Category Archives: Economics of Education

A Null Hypothesis Exception?

Alex Tabarrok writes, What if I told you that there is a method of education which significantly raises achievement, has been shown to work for students of a wide range of abilities, races, and socio-economic levels and has been shown … Continue reading

Posted in Economics of Education | 8 Comments

Me vs. Steven Pinker

In an interview, Pinker says, I’m skeptical about that we’re going to see enhancements of human nature by genetic engineering, nanotechnology, or neural implants (though these technologies may be used to mitigate disabilities, a different matter). We now know that … Continue reading

Posted in behavioral economics, Economics of Education | 11 Comments

Caplan, Hanushek, and my own views on education

A reader asked me to comment on the debate between Bryan Caplan and Eric Hanushek on the extent to which education confers real skills or is merely a signal. I thought that the only point that Hanushek scored was when … Continue reading

Posted in Economics of Education | 12 Comments

Russ Roberts and Bryan Caplan

One of my favorite podcast episodes, because Russ pushes back so hard and of course Bryan debates effectively. For example, Bryan says, I would say if there is no designable test that can show that people learn something, then they … Continue reading

Posted in Economics of Education | 5 Comments

The case against education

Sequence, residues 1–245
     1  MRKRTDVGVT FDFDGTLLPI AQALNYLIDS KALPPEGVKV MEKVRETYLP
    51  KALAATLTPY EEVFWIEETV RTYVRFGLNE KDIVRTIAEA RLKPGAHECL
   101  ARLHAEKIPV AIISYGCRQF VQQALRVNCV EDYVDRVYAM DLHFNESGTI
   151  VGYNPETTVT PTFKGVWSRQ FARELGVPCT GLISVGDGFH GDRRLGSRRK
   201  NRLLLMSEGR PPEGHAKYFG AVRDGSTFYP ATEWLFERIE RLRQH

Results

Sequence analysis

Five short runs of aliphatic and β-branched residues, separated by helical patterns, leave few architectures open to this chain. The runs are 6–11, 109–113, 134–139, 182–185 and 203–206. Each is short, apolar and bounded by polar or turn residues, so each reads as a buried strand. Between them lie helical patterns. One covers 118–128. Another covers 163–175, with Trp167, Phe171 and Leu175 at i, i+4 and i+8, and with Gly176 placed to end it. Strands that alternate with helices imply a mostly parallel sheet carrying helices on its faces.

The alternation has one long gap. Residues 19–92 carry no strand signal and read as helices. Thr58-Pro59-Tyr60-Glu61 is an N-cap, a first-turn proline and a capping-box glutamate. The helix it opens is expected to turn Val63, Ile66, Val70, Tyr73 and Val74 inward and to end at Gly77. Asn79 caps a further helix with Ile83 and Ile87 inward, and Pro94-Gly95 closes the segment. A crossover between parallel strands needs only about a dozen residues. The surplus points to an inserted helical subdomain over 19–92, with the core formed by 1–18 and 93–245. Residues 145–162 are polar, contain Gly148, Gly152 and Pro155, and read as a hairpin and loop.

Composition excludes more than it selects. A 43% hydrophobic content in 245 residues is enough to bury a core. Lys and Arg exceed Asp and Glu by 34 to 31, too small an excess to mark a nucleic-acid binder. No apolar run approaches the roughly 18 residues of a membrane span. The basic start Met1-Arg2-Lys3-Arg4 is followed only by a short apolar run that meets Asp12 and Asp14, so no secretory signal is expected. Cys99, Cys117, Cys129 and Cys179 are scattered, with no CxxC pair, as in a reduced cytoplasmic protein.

Made by Ben Wilterdink. unsurprisingly, one of the best ways to develop the soft skills necessary for labor market success comes in the form of entry level employment. A 2015 report from USAID concludes, “Theoretical literature suggests that adolescence and … Continue reading

Posted in Economics of Education, labor market | 6 Comments

Null Hypothesis Watch

Two papers that claim to reject it. 1. Michael Lovenheim and Alexander Willen write, We see consistent evidence that 12 years of exposure to a collective bargaining law negatively impacts both cognitive and noncognitive scores among men. AFQT percentile declines … Continue reading

Posted in Economics of Education, Tyler Cowen is my Favorite Blogger | 9 Comments

The Tyranny of Metrics

The book by Jerry Muller will be out shortly. It makes a strong case against the over-use of quantitative measures to fix compensation. Education is one example. If you believe the null hypothesis, then compensating teachers based on outcomes only … Continue reading

Posted in business economics, Economics of Education, Economics of Health Care | 4 Comments

What I’m Reading

Matthew Walker, Why We Sleep. Too far off the topic of political economy to compete for a place on my list of best books of the year, but very strongly recommended. Walker is highly opinionated. One of his opinions is … Continue reading

Posted in books and book reviews, Economics of Education | 12 Comments

Null Hypothesis watch

The abstract of a paper by Cynthia (CC) DuBois andDiane Whitmore Schanzenbach says, This paper examines the effect of a court-ordered hiring guidelines intended to increase the share of black teachers employed in a school district in Louisiana. We find … Continue reading

Posted in Economics of Education | 9 Comments

Does tutoring work?

In 1994, Benjamin S. Bloom wrote, Using the standard deviation (sigma) of the control (conventional) class, it was typically found that the average student under tutoring was about two standard deviations above the average of the control class (the average … Continue reading

Posted in Economics of Education | 10 Comments